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Universities are institutions of higher education and research, which grant academic degrees in a variety of subjects. Each university is, in effect, a corporation that provides both undergraduate education and postgraduate education. The word university is derived from the Latin universitas magistrorum et scholarium, roughly meaning "community of teachers and scholars".


  • Enter by this gateway and seek the way of honor, the light of truth, the will to work for men.
    • Edwin Anderson Alderman, inscription on the archway at the entrance to the medical college, University of Virginia, Charlottesville; reported in Respectfully Quoted: A Dictionary of Quotations (1989).
  • One of the characteristics of the university is that it is made up of professors who train professors, or professionals training professionals. Education was this no longer directed toward people who were to be educated with a view to become fully developed human beings, but to specialists, in other that they might learn how to train other specialists. This is the danger of “Scholasticism,” that philosophical tendency which began to be sketched at the end of antiquity, developed in the Middle Ages, and whose presence is still recognizable in philosophy today.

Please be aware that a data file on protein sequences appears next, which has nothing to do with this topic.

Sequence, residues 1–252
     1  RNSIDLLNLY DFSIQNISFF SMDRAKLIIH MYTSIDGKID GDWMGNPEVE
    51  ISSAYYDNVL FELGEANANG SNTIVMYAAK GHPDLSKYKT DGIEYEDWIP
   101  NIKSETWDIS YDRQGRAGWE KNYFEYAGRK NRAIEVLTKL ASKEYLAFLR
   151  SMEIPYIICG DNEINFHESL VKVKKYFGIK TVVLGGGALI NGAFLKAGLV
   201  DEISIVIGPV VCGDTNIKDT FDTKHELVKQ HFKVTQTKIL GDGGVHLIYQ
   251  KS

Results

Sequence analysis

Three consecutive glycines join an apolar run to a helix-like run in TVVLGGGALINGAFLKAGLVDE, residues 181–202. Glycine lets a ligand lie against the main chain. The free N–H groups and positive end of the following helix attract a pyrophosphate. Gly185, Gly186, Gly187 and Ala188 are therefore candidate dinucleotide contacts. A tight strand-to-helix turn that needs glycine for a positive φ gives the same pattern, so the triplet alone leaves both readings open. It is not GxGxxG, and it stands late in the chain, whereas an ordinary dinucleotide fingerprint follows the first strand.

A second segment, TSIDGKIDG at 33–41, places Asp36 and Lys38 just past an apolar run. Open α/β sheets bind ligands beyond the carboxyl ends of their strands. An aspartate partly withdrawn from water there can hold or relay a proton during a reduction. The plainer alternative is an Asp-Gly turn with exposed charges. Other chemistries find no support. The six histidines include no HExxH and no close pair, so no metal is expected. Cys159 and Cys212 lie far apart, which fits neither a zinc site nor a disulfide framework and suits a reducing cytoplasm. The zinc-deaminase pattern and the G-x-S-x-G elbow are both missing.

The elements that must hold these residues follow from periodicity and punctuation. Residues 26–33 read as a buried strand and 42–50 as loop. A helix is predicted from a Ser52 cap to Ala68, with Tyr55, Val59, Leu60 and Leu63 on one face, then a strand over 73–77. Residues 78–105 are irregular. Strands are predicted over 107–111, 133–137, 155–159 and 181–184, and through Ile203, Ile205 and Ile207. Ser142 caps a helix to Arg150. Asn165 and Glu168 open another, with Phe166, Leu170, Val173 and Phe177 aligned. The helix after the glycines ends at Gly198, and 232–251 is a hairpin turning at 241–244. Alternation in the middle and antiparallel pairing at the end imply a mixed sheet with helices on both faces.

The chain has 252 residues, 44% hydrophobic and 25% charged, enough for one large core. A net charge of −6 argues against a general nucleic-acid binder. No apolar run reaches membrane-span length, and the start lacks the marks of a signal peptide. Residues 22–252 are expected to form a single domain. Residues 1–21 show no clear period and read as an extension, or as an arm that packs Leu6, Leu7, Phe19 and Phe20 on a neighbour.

• Pierre Hadot, Philosophy as a Way of Life, trans. Michael Chase (1995), p. 270
  • "I didn't get the point", said Pig. "That's because you've got four pounds of provolone where most people got brains!", Mark shouted, shaking his fist. "This is college, you dumb bastard. This is a place where you're supposed to argue and learn and get pissed off. You don't go around choking your buddies just because they don't happen to believe what you believe."

The Dictionary of Legal Quotations (1904)[edit]

Quotes reported in James William Norton-Kyshe, The Dictionary of Legal Quotations (1904), p. 242.
  • Fellows of colleges in the universities are in one sense the recipients of alms, because they receive funds which originally were of an eleemosynary character.
  • I shall be as tender of the privileges of the University of Oxford as any man living, having the greatest veneration for that learned body.
    • Willes, L.C.J., Welles v. Trahern (1740), Willes' Rep. 241.
  • I should have all manner of tenderness for the right of the College; they are nurseries of Religion and Learning, and therefore all donations for increase and augmentation of their revenue are to be liberally expounded.
  • Two universities have been founded in this country, amply endowed and furnished with professors in the different sciences; and I should be sorry that those who have been educated at either of them should undervalue the benefits of such an education.
    • Lord Kenyon, C.J., King v. The College of Physicians (1797), 7 T. R. 288.

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External links[edit]

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